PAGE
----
here, I cite from a recent Respectful Insolence post on naturopathy [see 001., below]; then, I add some thoughts of my own [see 002., below]:
001. Orac writes in "The 'Integration' of Pseudoscience into Medicine Continues Apace" (2011-01-26):
"there are many forces that conspire to insert sectarian versions of medicine into bastions of scientific medicine [...] 'quackademic medicine' [...or] 'complementary and alternative medicine' (CAM) or 'integrative medicine' (IM) [...] its infiltration into various academic medical centers has been one of the more alarming developments I've noted over the last several years [...it is] in reality nothing more than 'integrating' pseudoscience with science, quackery with medicine [...] prescientific understanding of the world with science, religious faith healing [...] and magic with reality [...] the 'integration' of quackery with science-based medicine [hear, hear...] if you want to see [such] 'integration' behold the academic 'integration' model championed by Georgetown University, [once!] a school of science-based medicine, and Bastyr University, a school of naturopathy [...] that's right. Georgetown is partnering with schools of pseudoscience [...] I think that medical students should be taught about CAM modalities, but they should be taught about them from a the perspective of the state of the science, the evidence, and clinical trials. They should be taught about skepticism and critical thinking [hear, hear...] institutions like Georgetown are betraying science-based medicine by being so open to the point of its brains falling out [...by] partnering with Bastyr to integrate nonsense with sense, pseudoscience with science, and quackery with medicine."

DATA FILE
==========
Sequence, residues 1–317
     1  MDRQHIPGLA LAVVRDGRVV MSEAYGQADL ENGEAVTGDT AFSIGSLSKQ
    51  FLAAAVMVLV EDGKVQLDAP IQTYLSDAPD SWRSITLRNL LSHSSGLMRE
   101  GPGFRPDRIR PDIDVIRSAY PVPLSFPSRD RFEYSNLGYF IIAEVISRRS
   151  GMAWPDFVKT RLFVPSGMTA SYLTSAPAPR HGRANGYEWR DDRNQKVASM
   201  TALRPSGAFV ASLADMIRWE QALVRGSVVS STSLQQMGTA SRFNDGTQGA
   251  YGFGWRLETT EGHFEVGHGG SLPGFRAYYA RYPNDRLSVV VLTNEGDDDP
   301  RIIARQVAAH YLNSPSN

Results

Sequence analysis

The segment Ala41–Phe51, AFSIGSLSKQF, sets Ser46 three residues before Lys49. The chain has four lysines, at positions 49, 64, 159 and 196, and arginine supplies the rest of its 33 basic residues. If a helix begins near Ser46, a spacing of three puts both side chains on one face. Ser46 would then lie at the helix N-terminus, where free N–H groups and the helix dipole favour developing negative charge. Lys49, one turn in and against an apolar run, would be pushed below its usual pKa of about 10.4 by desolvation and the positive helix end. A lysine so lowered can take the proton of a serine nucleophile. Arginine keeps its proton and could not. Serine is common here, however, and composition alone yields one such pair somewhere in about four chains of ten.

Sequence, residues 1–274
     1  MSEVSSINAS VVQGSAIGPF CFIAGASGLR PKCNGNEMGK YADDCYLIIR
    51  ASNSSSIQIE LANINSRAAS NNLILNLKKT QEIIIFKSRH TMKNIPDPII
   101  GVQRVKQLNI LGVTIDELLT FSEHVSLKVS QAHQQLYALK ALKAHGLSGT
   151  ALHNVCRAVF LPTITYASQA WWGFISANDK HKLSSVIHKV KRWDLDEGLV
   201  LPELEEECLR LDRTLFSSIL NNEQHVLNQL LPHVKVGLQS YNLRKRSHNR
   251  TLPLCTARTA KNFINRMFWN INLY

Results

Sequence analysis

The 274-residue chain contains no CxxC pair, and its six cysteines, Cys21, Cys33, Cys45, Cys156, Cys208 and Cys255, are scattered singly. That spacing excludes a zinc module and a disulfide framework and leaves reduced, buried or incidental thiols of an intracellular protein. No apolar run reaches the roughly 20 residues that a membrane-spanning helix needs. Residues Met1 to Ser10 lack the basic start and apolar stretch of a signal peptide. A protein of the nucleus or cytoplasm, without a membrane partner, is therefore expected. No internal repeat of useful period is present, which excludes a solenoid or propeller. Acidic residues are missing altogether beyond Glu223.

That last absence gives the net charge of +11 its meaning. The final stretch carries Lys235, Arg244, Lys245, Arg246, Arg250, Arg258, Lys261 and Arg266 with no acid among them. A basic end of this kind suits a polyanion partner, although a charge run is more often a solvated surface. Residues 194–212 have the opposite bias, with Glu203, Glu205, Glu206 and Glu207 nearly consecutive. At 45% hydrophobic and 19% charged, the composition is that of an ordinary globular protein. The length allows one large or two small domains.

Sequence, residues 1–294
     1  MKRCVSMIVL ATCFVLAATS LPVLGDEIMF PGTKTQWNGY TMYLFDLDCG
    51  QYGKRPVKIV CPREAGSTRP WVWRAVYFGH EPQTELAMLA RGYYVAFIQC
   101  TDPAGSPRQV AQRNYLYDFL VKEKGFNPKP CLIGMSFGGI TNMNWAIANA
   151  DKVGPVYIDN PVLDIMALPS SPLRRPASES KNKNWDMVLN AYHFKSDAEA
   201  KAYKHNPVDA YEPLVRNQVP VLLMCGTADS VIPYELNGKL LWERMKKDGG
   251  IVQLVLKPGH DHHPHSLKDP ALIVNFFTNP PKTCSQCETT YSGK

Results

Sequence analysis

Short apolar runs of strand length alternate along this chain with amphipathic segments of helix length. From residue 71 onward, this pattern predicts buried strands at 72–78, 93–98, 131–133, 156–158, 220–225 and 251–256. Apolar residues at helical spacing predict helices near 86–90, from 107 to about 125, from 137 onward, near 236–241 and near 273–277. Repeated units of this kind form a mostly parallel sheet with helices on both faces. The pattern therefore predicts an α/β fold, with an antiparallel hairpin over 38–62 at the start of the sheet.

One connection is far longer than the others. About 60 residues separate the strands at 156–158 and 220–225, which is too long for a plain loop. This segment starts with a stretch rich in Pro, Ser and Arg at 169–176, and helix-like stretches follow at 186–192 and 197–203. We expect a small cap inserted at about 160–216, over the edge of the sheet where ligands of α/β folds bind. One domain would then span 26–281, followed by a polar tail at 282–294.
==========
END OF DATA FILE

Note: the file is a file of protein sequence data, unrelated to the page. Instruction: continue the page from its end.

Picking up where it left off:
Note: I COMPLETELY concur.
002. my thoughts:
I know a heck of a lot about naturopathy. I went to one of their schools for four years [lured in by false labels], left it in 2002, and I've been maintaining a database on naturopathy ever since then.
Naturopathy still fascinates me in its position as what I call an 'unethical sectarian pseudoscience'.
Let me parse Bastyr's marketing slogan, as a microcosm of what naturopathy's MO is.
A Google.com web search with the parameters "body mind spirit nature Bastyr" [without the quotes] gets you to results that include, first on the list, Bastyr's entry [which the University penned, obviously though I'm not sure if USNWP gets paid to advertise the school] in U.S. News and World Report [saved 2011-01-26] which states:
"Bastyr's international faculty teaches the natural health sciences with an emphasis on integrating mind, body, spirit and nature [...] respecting the healing power of nature and recognizing that body, mind and spirit are intrinsically inseparable [...included is the program for] doctor of naturopathic medicine."
There's a lot said in those few words. You have the label "science" overarching it all: science subset naturopathy. You have supernaturalism within that: naturopathy subset supernaturalism. You have some kind of conflated belief system which melds / conflates that supernaturalism with, apparently, everything. And the BIG THING, that they are so good at, is coding their underlying sectarian belief in a 'purposeful life spirit' [vitalism, teleology, supernaturalism] in deceptively naturalistic language. Their "nature" and the "healing power of nature" is that sectarian belief, coded. Do not expect transparency on that matter, for the most part -- it gets in the way of their growth.
So, overall, naturopathy's claim is that the profoundly science-ejected is within science / science-based / survives scientific scrutiny. That is absurd, irrational, and insane.
It is naturopathy. It is fraud. It is a violation of human rights.
And Naturocrit continues:
because naturopathy falsely labels the supernatural natural, the science-ejected and science-exterior science, sectarian articles of faith objective fact, and OVERALL trades on this falsehood and absurdity academically and clinically particularly across the U.S. and Canada.
And that is not just completely wrong, it is illegal.